The emergence of seabed warfare as a strategic, political, and operational risk for Western countries is prompting navies to consider capability requirements, and the importance of co-operation, in addressing this risk.
Speaking to the Undersea Defence Technology 2022 conference in Rotterdam, Netherlands in early June, Rear Admiral Huub Hulsker, the Royal Netherlands Navy’s (RNLN’s) deputy commander, discussed how the threat to underwater cables and wider seabed critical national infrastructure in the North Sea is becoming a security challenge for the Netherlands.
“We must protect vulnerable installations and cables as best as possible, and we must monitor potential opponents closely and, if necessary, disrupt their activities in order to prevent undesirable damage to our vital infrastructure,” he said.
While the RNLN has no specialist seabed warfare ships in its current or planned future inventory, RAdm Hulsker noted that the navy’s new mine-countermeasures vessel (MCMV) programme could – in the future – provide platforms for embarking capability ‘toolboxes’ designed to tackle seabed risks. In mid-June, the keel for the RNLN’s first future MCMV was laid in Vlissingen, Netherlands.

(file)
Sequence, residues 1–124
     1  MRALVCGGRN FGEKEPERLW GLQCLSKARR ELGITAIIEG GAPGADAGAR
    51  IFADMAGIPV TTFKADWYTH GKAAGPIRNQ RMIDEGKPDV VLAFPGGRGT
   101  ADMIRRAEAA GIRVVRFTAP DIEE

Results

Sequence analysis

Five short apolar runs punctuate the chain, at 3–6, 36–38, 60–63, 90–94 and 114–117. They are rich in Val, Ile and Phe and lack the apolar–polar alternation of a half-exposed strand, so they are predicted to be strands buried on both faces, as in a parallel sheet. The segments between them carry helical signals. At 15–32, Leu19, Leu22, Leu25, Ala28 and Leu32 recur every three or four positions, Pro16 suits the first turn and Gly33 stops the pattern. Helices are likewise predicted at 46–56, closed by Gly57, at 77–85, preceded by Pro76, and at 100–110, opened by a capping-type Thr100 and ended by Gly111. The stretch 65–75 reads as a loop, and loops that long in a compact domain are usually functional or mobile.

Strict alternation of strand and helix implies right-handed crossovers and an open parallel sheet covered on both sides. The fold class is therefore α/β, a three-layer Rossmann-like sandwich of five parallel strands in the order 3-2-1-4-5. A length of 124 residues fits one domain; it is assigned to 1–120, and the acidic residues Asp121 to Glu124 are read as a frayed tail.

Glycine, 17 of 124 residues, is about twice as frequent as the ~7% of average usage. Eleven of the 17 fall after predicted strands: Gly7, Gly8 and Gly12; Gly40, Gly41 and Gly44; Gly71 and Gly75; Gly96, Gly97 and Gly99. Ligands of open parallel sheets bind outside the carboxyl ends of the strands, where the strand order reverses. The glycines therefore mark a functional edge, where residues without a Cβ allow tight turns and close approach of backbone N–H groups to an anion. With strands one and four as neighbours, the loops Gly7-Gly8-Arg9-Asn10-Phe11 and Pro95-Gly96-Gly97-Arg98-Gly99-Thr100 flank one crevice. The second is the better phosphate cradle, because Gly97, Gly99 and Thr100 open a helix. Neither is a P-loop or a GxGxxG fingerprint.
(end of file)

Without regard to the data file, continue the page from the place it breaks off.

“The question should not be whether the RNLN or any navy’s capabilities should be brought to bear to face this challenge, but what capabilities are needed,” Jeroen de Jonge, Naval Programmes business director at TNO (the Netherlands’ scientific innovation organisation) and a former RNLN officer, told the conference.
“That means it’s the combined capabilities of industries – the civilian sector, the oil and gas sector, the industries that lay these data cables – but also the government that is responsible for setting the requirements for those systems. When you combine that with the ‘sharp end’ of the capability that navies provide, I think then you are getting close to the answer.”
“If you then focus on what naval capabilities can bring to bear, you need persistence, precision, and performance,” de Jonge continued. “We are working quite hard with the navies to try to get that.”
“Persistence is perhaps the key because, as soon as you go home to refuel for example, then your adversary might think it is a very good opportunity to place something on the seabed again,” de Jonge added. “So, how do you acquire persistence; that would be my question to this eminent audience.”
by Dr. Lee Willett